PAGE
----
Six rosé wines for summer 2018 (and the day I was a winetasting noggin)

rosé wines summer 2018

Sometimes I can be such a noggin. I tapped in and out, then in and out, of Twitter to follow a live winetasting organised by the Wine Society and I hunted in vain. Those wine tasting vibes were taking place elsewhere in the ether, on the society’s website community pages. There, people were chatting about two wines with a barbecue theme.

So it was that I was Billy No Mates tasting wine on my own, unaware the communal fun was happening elsewhere.

One of the two wine choices was a pink – spot on for this theme of rosé wines. If I can’t tempt you with some garden-gorgeous pinks in the middle of June, then when can I tempt you?

rosé wines for summer 2018

The rosé wine taste-tested in the digital world was Rosé Duo des Plages 2017 (£6.75, The Wine Society, 12% abv) of which one keen taster said “the strawberries and melon on the nose shape-shift into something more creamy and peachy in the mouth, surprisingly rounded on the finish”. What a perfect description! I’ll simply add that I picked up nectarines and a slice of lemon on the nose, with a dry, fruity finish and a good watering of acidity.

Here’s a selection of rosé wines to look out for:

La Vieille Ferme Rosé (£7.49, The Co-op, 12.5%) is prettily peachy and pink perfection. This rosé  is a pale blush colour and hails from the southern Rhone, with the grapes grenache, syrah and cinsault all playing their part in creating a fresh, enjoyable wine with a hint of redcurrants.

Casillero del Diablo Rosé 2017 (£8,50, Tesco, Asda, 13% abv) You’ll probably be familiar with this brand but this is a new light style of rosé wine from the Chilean team. The blend is mainly syrah, with cinsault and carmenere, and the style is dry and elegant, with red fruits and a peppery edge.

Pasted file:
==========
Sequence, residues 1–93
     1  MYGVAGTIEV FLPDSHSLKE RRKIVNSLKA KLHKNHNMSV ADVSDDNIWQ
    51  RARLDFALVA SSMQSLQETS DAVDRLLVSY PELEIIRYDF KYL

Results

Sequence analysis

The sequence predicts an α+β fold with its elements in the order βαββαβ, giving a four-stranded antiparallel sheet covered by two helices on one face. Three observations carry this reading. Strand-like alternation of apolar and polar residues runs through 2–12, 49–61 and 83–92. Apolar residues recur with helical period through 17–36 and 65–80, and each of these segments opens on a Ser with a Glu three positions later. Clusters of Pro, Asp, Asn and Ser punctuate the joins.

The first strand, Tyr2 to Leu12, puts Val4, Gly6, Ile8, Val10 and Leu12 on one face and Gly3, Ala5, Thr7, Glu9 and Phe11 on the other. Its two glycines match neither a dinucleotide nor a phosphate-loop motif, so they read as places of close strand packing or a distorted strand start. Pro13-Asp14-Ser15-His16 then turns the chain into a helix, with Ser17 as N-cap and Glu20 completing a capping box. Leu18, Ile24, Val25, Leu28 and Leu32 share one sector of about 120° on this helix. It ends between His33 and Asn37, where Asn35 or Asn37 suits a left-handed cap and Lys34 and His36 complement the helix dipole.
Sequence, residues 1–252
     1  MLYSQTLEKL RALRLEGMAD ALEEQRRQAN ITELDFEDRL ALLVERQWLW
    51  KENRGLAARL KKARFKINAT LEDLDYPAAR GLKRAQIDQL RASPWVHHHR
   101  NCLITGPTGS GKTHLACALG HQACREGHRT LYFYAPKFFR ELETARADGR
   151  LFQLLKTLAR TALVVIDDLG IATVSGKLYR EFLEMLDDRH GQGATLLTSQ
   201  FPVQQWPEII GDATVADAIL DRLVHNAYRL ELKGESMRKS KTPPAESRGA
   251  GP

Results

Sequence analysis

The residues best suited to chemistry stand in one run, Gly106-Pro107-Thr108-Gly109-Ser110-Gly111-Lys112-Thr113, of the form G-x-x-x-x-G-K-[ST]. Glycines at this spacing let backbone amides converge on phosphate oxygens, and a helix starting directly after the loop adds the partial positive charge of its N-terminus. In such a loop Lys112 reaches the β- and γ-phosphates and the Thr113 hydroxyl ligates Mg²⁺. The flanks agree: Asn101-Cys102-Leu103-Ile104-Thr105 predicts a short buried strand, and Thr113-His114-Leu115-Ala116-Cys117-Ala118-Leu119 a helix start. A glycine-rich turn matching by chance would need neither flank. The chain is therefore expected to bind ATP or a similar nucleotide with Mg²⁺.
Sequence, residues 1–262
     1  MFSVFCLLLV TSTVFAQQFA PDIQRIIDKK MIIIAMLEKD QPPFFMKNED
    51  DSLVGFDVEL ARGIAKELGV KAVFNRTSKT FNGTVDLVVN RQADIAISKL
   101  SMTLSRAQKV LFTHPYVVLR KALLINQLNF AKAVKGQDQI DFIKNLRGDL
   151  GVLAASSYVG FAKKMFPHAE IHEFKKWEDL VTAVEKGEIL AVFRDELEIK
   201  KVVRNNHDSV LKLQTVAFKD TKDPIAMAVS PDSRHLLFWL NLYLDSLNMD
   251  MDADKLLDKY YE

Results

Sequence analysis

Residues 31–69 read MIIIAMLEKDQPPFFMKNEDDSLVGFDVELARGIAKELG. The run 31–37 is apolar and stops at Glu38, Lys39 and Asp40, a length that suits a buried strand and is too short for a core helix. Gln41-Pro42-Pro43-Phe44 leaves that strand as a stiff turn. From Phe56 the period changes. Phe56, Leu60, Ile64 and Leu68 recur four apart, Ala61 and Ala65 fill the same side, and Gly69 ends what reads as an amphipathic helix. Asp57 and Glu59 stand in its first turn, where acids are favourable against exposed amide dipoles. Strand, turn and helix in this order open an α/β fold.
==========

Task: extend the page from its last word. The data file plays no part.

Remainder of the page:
La Terrasse Rosé Pays D’Oc (£10, Sainsbury, 13% abv) I love the classy glass stopper on this southern French pink, which is another blend of three grapes: Grenache, syrah and cinsault. The very best of the grape juices create the wine which then sits on its lees for 40 days. It is deliciously fresh, crisp and vibrant with red fruits and a flash of citrus.

If sparkling rosé wines are your thing (ooo, yes please) then look out for Mirabeau en Provence La Folie Rosé (reduced to £10.49 from £13.99 at Waitrose until August 7) which has gentle and refreshing notes of strawberry, raspberry and blackcurrant.

If you want a day away from alcohol (or maybe you’re a nominated driver)  then McGuigan Wines has created a dealcoholised pink wine McGuigan Delight Rosé (RRP £5, Marks & Spencer) which is pleasantly perfumed, has sweet notes of forest fruits and is ever so lightly spritzy.

Also in my glass …

It’s only fair to mention the second barbecue wine which appeared on the Wine Society’s live winetasting: Nero d’Avola La Ferla, Sicilia 2016 (£6.95, 13.5% abv).  One keen taster described it as having notes of “cherry cola” and another praised its  “black cherries, plum and liquorice”. I’d say it is ripe with black fruits, spice and blackcurrant jam. I bet it would be brilliant with a burnt, barbecued chipolata.Nero d'Avola La Ferla The Wine Society

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Discover joy of some of the best Abruzzo wines from Italy and you won’t regret it

Abruzzo wines One Foot in the Grapes

The other day I was doing what I love best, randomly browsing a wine aisle creating a mid-aisle trolley hazard, when I spotted Morrisons The Best Pecorino and went a bit light-headed.

I was drawn to it because a) it is from the Abruzzo region in Italy which I’ve just visited b) it has a picture of a sheep on the label c) it isn’t pinot grigio.